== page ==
Sunday’s frigid temperatures didn’t stop a few hundred folks from visiting Hopkins Park to ice skate, cross-country ski, build snowmen, roast s’mores and more during the DeKalb Park District’s Polarpalooza.
This was the fourth annual event, although it was canceled last year because of unusually warm temperatures.
It was a different story this year, as families frolicked in the snow-covered park to take advantage of the free outdoor activities, as well as the winter-themed crafts and hot cocoa inside the Terrace Room.
Beth Gregory’s 5-year-old daughter loves the snow, so the Sycamore resident said the whole family was looking forward to getting outside Sunday afternoon.
“This is a great family-friendly event,” Gregory said. “We liked the sledding and the s’mores. It’s nice that the community can come together, especially in the winter when everyone stays inside.”
Low temperatures didn’t intimidate the Thornton family of Kingston. Greg Thornton said he thought Sunday’s weather was “perfect” for outdoor fun.
“We saw all the outdoor activities [and] we knew the kids would love it,” he said. “They’re having a great time. We like to support the community, especially events like this, as much as possible.”
Jessica Nall of DeKalb wanted to get her kids out of the house, so she was happy to bring them to Hopkins Park.
“They need to get outside and do something fun instead of being cooped up inside,” she said. “This is something different. The kids love the crafts and interacting with all the other people here.”
This was the first year that Polarpalooza was held at Hopkins Park. In previous years, it was held at Lions Park, and DeKalb Park District superintendent of recreation Bill Ryder said Hopkins was a better location.
“You’ve got everything here – we have the space, and it’s more visible,” he said. “This event is a good alternative to just staying inside. It’s good for people to get outside any chance they get.”
DeKalb park board President Phil Young also said Hopkins is an ideal location for Polarpalooza because there is a lot more space for people to hike and cross-country ski.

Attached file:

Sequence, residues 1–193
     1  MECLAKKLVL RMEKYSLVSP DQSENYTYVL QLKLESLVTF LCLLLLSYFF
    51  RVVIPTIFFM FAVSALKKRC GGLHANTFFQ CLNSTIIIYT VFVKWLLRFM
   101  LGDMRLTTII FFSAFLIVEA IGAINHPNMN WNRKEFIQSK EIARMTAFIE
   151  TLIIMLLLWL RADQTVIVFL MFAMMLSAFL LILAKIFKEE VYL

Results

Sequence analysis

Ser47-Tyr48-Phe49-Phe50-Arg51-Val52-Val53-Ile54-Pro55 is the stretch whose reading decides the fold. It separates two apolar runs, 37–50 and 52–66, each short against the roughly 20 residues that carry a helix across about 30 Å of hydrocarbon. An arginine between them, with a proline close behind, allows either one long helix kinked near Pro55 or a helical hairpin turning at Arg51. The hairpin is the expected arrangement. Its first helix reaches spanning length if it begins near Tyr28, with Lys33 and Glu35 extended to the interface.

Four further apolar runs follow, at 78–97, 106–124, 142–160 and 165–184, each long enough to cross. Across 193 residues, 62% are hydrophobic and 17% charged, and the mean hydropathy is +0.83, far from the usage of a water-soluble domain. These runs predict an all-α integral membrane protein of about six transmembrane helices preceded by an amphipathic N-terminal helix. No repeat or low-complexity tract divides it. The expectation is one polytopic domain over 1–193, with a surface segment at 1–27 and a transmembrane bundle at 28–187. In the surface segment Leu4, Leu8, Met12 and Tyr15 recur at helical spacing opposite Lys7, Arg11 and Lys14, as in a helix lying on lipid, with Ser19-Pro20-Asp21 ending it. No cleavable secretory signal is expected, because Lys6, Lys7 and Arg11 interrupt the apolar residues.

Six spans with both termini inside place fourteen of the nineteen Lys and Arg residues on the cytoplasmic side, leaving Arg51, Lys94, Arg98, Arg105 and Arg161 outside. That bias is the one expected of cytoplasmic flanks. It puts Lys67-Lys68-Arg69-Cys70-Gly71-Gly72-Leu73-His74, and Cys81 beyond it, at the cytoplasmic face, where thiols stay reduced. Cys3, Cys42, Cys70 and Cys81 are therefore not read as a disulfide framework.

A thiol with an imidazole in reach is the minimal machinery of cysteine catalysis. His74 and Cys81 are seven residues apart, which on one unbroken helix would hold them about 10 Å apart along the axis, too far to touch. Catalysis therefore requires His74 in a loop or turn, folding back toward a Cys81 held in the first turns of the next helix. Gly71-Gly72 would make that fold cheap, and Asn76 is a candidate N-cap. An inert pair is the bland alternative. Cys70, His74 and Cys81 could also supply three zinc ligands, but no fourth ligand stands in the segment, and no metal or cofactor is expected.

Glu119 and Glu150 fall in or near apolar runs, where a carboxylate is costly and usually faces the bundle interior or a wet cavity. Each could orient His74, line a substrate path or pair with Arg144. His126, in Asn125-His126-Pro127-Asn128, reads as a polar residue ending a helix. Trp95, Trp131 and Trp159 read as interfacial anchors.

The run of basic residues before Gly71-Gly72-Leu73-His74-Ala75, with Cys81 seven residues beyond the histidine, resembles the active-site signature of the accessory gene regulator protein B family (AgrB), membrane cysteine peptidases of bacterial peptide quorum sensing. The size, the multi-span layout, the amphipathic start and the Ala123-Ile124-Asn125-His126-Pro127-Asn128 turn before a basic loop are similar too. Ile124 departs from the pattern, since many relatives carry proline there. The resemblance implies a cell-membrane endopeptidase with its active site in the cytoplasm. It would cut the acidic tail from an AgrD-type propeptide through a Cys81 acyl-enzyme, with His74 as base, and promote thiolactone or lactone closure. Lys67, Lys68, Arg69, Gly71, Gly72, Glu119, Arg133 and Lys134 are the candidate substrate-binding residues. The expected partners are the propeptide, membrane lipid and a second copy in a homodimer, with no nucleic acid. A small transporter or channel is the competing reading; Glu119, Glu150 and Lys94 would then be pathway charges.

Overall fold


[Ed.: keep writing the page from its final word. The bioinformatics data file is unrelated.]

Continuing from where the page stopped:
“Some of our facilities don’t get utilized as much during the cold weather, and we can show off the different activities available here in the winter,” Young said. “The ice rink is bigger, and we have a large indoor heated area. This is a great way to get some fresh air or go hiking and biking.”
Maria Franco’s daughter, Brianna, was looking forward to Polarpalooza because she wanted to try ice skating.
“We always come to community activities because it’s nice to spend time with the kids. It’s a good way to keep them involved with the community, and I wanted to get outside,” Maria Franco said.
Even though she enjoyed the outdoor activities, Amelie Grada Romero, 10, of DeKalb said her favorite part of the day was making crafts, including a bird feeder that she was planning to hang on a tree in her yard.
“There are a lot of fun things to do in the snow, like skiing and sledding, but I like the crafts the best,” the Jefferson Elementary School fourth-grader said.
The Kishwaukee Special Recreation Association sponsored an outdoor scavenger hunt, in which participants had to use clues to find nine locations around the park to win a prize.
Stacy Veldhuizen, therapeutic recreation program coordinator, said her organization, which works to provide inclusion services for individuals with disabilities, likes to partner with park districts on events such as Polarpalooza.
“It’s great to see all the families and community members coming out and using the park,” Veldhuizen said. “They need to know that you can get outside in the winter. The snow is not an excuse to not play outside.”